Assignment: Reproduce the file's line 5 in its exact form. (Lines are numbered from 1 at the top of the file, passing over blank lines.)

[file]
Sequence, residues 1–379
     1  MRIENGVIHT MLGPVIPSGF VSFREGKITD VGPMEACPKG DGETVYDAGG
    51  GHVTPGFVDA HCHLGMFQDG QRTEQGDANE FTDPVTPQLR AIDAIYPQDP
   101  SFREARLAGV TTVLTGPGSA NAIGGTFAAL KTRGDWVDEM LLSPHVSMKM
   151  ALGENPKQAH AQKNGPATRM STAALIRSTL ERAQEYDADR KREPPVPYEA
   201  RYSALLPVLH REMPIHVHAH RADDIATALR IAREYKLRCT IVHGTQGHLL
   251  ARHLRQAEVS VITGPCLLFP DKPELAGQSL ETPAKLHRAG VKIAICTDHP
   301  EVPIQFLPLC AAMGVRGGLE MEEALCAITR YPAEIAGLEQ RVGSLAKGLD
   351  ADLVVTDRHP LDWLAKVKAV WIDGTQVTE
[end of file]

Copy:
   151  ALGENPKQAH AQKNGPATRM STAALIRSTL ERAQEYDADR KREPPVPYEA